Injections of lysolecithin were used to produce acute focal demyelination in the dorsal columns of 2 strains of mice, the myelin mutant quaking and the normal C57BL/6J. A small collection of rat Schwann cells grown in tissue culture was transplanted with their collagen substrate into this demyelinated area. The host mice were immune-suppressed to prevent graft rejection. Evidence of remyelination by Schwann cells was seen in the dorsal columns from 2-18 weeks after implantation. Proof that these Schwann cells were foreign to the host was derived from their rejection after the recipient mice were allowed to recover immunological competence by discontinuation of the immune suppression and by transferring immune cells sensitized against the donor tissue. It was concluded that Schwann cells grown in vitro retain their potential to produce myelin when returned to an in vivo situation and can myelinate central axons of a xenogenic host.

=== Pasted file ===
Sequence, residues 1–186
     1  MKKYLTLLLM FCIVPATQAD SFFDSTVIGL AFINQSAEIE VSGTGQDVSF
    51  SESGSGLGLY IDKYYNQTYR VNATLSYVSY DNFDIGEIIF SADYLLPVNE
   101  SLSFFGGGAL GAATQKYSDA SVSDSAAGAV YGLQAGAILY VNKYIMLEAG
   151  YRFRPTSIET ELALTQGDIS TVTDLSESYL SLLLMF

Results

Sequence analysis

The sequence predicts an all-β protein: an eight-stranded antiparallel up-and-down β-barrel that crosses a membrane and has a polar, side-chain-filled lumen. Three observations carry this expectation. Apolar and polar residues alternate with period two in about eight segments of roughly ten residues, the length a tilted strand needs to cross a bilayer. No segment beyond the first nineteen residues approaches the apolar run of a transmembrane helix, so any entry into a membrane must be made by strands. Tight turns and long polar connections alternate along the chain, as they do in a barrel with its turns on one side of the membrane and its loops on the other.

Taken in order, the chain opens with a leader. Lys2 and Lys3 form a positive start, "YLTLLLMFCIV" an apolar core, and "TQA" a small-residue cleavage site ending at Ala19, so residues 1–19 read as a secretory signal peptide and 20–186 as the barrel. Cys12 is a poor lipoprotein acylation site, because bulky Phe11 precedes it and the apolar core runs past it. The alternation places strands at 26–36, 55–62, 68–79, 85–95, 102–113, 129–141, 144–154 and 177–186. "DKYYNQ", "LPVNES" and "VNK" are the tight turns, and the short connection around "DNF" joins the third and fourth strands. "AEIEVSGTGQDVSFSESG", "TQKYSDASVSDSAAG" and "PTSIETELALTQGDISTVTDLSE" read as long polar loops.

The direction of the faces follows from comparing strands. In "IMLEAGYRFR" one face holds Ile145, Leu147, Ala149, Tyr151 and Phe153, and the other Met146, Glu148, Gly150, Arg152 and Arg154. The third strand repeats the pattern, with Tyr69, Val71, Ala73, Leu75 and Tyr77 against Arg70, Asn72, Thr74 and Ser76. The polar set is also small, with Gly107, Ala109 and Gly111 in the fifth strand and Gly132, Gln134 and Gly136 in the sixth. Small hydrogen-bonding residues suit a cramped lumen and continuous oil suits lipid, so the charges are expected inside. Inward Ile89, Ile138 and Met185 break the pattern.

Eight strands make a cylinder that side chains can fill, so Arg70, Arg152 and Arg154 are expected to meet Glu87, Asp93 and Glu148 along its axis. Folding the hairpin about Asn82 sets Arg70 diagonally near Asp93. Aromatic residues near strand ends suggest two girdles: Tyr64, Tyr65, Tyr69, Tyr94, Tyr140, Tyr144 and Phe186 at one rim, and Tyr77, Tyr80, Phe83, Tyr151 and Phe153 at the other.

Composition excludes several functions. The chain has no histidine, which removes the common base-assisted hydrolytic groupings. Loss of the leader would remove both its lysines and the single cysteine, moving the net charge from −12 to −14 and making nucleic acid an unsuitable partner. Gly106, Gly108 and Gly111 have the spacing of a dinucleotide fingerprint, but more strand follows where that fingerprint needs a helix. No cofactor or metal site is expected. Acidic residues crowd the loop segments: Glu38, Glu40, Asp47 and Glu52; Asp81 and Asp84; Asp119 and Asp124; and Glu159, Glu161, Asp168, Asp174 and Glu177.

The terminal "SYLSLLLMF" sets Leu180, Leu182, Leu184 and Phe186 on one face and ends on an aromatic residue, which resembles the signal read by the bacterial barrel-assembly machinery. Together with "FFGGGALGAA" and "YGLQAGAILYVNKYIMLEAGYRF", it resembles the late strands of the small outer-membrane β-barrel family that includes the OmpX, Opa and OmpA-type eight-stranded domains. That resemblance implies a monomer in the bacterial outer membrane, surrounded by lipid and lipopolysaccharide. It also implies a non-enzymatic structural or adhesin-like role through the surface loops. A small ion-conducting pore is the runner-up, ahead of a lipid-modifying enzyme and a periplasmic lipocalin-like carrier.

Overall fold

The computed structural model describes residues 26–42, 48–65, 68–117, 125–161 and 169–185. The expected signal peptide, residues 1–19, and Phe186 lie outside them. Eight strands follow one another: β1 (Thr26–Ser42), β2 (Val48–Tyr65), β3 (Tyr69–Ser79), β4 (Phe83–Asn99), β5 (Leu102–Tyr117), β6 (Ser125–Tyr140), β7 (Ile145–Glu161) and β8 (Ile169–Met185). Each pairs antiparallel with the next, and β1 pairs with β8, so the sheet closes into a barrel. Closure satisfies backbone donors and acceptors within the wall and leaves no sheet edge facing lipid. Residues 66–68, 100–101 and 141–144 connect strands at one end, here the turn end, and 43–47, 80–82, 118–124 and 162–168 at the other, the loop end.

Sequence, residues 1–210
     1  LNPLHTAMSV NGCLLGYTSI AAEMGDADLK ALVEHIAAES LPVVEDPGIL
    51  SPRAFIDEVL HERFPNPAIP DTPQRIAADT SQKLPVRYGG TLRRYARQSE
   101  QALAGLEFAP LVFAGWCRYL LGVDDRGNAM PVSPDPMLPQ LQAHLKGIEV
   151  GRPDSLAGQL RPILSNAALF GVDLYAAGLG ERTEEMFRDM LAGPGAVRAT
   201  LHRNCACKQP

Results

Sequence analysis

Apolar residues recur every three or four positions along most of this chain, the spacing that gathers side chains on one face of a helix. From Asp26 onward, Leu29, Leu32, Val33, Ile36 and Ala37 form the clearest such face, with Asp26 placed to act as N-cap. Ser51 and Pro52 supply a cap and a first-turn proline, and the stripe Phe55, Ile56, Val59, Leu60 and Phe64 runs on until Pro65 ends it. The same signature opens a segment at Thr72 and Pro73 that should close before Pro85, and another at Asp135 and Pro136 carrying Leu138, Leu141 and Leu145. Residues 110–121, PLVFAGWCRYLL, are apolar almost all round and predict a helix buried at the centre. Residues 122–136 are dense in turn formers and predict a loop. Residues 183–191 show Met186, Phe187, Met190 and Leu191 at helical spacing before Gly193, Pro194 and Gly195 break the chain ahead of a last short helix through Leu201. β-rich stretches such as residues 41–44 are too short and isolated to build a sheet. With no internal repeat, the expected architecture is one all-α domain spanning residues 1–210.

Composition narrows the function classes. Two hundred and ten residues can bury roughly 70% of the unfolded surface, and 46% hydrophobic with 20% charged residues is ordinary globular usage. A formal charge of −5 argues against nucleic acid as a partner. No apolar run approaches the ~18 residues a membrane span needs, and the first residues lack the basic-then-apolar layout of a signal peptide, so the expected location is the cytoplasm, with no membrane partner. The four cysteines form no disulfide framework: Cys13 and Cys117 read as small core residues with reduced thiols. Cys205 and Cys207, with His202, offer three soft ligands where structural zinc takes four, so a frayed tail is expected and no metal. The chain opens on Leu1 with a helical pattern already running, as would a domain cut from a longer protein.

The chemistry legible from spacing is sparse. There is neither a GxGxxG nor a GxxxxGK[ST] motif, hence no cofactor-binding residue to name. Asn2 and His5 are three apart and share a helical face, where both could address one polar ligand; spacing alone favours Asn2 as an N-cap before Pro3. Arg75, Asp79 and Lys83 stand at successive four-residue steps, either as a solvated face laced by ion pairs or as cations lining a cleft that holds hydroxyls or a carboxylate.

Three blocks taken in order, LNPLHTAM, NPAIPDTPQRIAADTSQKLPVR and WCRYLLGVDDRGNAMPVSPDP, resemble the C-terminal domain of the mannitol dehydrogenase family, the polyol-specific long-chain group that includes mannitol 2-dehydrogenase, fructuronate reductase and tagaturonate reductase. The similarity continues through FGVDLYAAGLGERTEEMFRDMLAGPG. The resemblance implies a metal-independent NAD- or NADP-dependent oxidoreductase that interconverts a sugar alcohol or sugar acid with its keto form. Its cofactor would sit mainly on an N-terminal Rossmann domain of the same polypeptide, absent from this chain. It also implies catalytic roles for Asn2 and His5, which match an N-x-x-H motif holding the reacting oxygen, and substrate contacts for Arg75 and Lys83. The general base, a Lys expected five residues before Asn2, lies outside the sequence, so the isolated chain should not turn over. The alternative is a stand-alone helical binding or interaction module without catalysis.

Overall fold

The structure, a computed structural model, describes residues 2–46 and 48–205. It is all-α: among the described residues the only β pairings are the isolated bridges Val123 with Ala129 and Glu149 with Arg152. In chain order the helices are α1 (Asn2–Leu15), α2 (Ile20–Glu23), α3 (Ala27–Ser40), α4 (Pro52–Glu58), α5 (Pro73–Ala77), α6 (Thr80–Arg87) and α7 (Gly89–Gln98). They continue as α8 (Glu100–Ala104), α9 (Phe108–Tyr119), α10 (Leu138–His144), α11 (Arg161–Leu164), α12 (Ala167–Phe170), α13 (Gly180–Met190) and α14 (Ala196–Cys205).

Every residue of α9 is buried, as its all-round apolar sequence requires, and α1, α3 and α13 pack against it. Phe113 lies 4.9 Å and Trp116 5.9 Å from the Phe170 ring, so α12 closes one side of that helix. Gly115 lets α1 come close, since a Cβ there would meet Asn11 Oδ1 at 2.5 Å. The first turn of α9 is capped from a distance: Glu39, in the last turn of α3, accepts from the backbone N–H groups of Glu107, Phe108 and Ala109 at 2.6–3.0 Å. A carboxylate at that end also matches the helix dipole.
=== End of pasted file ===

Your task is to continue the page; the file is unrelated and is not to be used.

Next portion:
ASJC Scopus subject areas
- Clinical Neurology